Everything you need to know about the student magazine that takes no prisoners: The Howl.
The brains behind the Magazine
City University of London is one of the UK’s top journalism schools, yet, until Howl, it didn’t have a student magazine. Because of student commitments and its staff graduating, the previous media outlets had all been shut down. The university needed an independent student media to cater to the needs of the student body,
In 2016, the Student Union put Sofia and a few other students at the helm of the student media hub.
That was when The Howl was born, its name coming from our school’s sports mascot The Wolf. The Howl functioned as a Student Union media outlet for just over a year but, the relationship between the group and the union became tumultuous. The Howl was forced to separate from the Student Union, becoming independent in the second semester of 2018.
The Howl made this decision because of discrepancies in ideology and strategy of the two partners. (If you want our view, the Student Union wanted to censor us, was poorly transparent in strategy, denied us promised funding and so on…)
Going independent was also necessary in the process of galvanizing, motivating and incentivizing our student writers, giving us the green light for a braver editorial strategy.
Why is The Howl different?
The Howl is crucial for the university community – it is the only independent student-led print media outlet at City and it is necessary for fostering school spirit. It is a place where students can discuss ideas and express themselves, as well as holding student bodies to account. In 2018 The Howl conducted some groundbreaking research on President’s expenses, the UOL strikes, the Prevent strategy at our university, freedom of speech on campus or lack thereof, and the BDS motions passed at school government meetings.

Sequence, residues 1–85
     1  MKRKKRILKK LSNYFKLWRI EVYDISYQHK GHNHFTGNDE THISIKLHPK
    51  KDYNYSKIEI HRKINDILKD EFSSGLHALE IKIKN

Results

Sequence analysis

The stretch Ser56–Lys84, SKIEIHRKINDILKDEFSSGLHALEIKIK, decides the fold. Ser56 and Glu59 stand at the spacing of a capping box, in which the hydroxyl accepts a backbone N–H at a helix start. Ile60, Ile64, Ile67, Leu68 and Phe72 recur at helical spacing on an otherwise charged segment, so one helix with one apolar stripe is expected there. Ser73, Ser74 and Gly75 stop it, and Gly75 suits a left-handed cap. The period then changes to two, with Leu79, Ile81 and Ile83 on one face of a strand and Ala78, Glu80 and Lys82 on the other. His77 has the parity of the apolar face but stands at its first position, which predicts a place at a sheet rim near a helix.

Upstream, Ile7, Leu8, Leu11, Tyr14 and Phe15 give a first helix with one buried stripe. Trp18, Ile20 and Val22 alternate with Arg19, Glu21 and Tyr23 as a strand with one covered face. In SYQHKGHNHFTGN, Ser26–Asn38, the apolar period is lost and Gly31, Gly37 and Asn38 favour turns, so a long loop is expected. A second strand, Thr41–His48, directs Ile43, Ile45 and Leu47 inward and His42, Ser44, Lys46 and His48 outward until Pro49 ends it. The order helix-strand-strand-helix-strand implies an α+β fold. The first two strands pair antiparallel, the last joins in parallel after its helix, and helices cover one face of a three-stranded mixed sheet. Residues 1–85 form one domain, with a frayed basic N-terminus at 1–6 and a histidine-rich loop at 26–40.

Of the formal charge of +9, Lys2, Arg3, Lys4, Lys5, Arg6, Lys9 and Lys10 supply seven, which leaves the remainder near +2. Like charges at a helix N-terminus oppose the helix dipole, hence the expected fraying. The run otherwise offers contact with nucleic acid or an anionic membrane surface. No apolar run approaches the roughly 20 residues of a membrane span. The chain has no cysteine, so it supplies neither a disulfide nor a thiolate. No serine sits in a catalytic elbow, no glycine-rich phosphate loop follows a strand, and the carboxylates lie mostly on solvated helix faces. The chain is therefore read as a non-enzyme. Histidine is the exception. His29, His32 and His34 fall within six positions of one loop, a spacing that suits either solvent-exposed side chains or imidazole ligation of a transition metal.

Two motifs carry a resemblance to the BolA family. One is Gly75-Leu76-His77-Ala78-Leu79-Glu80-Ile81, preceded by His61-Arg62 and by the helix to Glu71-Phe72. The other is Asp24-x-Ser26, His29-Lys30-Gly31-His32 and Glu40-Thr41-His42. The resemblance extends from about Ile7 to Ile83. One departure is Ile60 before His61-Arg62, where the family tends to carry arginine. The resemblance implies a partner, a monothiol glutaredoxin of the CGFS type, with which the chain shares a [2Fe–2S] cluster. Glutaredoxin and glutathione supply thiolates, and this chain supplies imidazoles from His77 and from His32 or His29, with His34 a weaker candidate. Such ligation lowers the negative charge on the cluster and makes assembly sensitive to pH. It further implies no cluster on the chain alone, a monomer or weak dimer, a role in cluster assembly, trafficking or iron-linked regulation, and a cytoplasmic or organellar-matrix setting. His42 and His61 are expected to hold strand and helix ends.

Best achievement to date
Our best achievement was going to print in December 2017 with little to no funds secured.
Our other proudest moments were going independent; changing our editorial strategy to a much more newsworthy one, finally holding a lot of university bodies to account.
What would you do with the opportunity to play with £1000?
So far, The Howl has solely relied on precarious funding coming from university departments or student union funds, but most of the money and effort always ends up coming from the students first. £1,000 would help The Howl massively. It would secure us more print editions and allow us to host events across campus, helping us spread our message and enlarge our marketing campaign, so to really grow within the student community.